Committee Assessment of Response S-2 and 2-1. The committee feels that this response, and the corresponding actions taken by the Partnership, particularly the formation of the C2G working group, are fully responsive to the prior recommendation. The initial work by C2G on different vehicle-fuel pathways, published by Argonne National Laboratory and presented to the committee on June 22, 2016, is most impressive (this is discussed further in Chapter 3). It is important that this work and follow-on activity by the three analysis groups (C2G, VSATT, and the fuel pathway integration technical team) be used to shape the overall DOE
EERE portfolio. This includes transitioning the C2G working group to a “permanent integrated systems analysis technical team,” a proposal under discussion by Partnership leadership in August 2016.
NRC Phase 4 Recommendation 2-2. The Executive Steering Group (ESG) should meet regularly and provide the necessary guidance and leadership in developing strategy and programs to meet goals for the reduction of greenhouse gases and petroleum dependence. Furthermore, the ESG should insist that all analyses conducted by and for the U.S. DRIVE Partnership reflect the system-wide full lifecycle.
Partnership Response. The Partnership agrees with this recommendation. The ESG maintains responsibility for high-level technical and management priorities as well as Partnership policy decisions. This duty can be accomplished only if ESG members are engaged and provide the necessary guidance and leadership for developing strategies and programs to meet Partnership goals. Although there was a period of time in which the ESG did not meet, since the formation of U.S. DRIVE in May 2011, the ESG has met three times and planning has begun for the next meeting in early 2014. It is also important to note that ESG members remain engaged in Partnership activities throughout the year through their staff on the Joint Operations Group (JOG) and technical teams, each of which meet monthly.
Committee Assessment of Response 2-2. While the increased engagement by the ESG is welcomed by the committee, annual meetings are barely adequate to provide the desired level of overall guidance and focus and meetings at least quarterly would seem more appropriate.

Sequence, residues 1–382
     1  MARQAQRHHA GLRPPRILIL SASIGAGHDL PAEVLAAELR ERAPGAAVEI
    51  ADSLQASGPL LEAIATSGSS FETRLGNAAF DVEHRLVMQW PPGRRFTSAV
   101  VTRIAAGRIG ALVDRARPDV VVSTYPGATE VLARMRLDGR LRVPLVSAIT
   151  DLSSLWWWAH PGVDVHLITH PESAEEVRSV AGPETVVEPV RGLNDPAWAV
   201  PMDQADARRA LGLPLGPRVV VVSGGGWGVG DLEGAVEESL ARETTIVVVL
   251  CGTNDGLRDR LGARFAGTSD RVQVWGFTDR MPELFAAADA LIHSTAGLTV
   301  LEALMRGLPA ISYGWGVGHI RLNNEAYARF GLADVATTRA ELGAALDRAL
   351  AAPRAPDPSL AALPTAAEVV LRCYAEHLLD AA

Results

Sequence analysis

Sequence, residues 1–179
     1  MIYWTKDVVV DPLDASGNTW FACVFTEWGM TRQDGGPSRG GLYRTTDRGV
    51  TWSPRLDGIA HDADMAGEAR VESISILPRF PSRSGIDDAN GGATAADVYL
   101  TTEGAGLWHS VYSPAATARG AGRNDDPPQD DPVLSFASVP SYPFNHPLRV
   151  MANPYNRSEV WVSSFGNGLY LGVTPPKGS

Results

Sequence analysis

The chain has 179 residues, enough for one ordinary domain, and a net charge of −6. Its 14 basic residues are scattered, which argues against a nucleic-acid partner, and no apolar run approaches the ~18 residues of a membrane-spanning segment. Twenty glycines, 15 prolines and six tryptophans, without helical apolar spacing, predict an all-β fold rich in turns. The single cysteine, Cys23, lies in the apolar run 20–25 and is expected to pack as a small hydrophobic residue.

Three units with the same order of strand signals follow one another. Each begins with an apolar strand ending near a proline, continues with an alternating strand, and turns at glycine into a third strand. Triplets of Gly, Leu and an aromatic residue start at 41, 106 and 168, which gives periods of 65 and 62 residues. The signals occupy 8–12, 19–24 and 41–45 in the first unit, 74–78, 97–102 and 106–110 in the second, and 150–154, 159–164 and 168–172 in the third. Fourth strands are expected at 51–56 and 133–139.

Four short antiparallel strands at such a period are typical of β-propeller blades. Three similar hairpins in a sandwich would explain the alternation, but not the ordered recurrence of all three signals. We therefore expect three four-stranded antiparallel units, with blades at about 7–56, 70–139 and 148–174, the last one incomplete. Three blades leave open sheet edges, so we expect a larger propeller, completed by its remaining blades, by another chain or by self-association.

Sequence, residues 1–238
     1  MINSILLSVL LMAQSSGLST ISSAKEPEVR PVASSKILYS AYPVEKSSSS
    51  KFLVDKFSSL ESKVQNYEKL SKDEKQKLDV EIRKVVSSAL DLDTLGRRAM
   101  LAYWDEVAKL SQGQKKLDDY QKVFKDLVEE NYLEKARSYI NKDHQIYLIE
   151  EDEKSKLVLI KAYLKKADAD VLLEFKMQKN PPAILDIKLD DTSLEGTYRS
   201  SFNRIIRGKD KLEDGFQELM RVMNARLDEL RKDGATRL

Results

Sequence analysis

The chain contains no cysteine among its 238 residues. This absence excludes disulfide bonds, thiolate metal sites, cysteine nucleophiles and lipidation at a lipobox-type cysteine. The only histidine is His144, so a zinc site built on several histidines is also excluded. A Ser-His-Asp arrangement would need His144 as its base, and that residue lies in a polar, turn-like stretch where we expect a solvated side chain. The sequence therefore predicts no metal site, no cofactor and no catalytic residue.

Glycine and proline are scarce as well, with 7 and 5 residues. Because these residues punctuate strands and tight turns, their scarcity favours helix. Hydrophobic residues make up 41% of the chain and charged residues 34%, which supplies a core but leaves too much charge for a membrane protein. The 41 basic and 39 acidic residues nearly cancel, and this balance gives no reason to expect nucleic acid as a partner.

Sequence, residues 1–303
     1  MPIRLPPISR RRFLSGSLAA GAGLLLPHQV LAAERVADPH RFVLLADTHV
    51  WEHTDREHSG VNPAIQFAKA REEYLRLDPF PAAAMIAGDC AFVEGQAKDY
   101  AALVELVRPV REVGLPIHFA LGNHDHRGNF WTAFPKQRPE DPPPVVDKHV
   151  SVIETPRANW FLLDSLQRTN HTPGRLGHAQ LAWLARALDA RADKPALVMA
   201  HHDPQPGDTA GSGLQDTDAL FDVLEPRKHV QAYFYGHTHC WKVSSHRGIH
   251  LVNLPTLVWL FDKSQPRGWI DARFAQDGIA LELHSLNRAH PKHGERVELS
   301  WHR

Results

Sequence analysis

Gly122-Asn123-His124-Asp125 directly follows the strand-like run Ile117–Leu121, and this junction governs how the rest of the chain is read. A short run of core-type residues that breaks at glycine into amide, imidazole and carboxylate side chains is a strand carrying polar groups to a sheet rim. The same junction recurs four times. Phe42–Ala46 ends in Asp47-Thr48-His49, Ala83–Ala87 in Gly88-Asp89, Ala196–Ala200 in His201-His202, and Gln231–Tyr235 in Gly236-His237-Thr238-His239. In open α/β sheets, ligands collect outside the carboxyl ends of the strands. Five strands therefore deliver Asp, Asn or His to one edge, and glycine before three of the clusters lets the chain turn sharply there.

NRC Phase 4 Recommendation 2-3. The U.S. DRIVE Partnership should continue its inclusion of innovative supply-chain companies and should expand this approach to emerging entrepreneurial companies with relevant technological capabilities. When new, entrepreneurial ventures are being considered for associate membership, the committee recommends a systematic vetting process much like the “due diligence” process of venture-capital investors.
Partnership Response. The Partnership agrees with the recommendation, as it aligns with the intent of its “associate membership” concept. The selection process for associate members is described in the U.S. DRIVE Tech Team Guidebook as well as U.S. DRIVE Partnership Plan. Associate members can be any entity that a U.S. DRIVE technical team believes will bring sufficient expertise, capability, and contribution to the team’s efforts. Decisions are made at the team level, by consensus among the participating U.S. DRIVE partners on the team, and with consideration of the following factors:
- Availability to participate in meetings and contribute to the team’s work for a three-year term (or length of term as determined by the team).
- Technical capability and personal experience in the field, including (but not limited to) years of experience, management of relevant programs, publications and patents, record of bringing innovations to market, etc.
- Ability to work well in a group environment—including the ability to contribute to group discussion as well as the ability to engage in healthy dialogue and still get along well with others.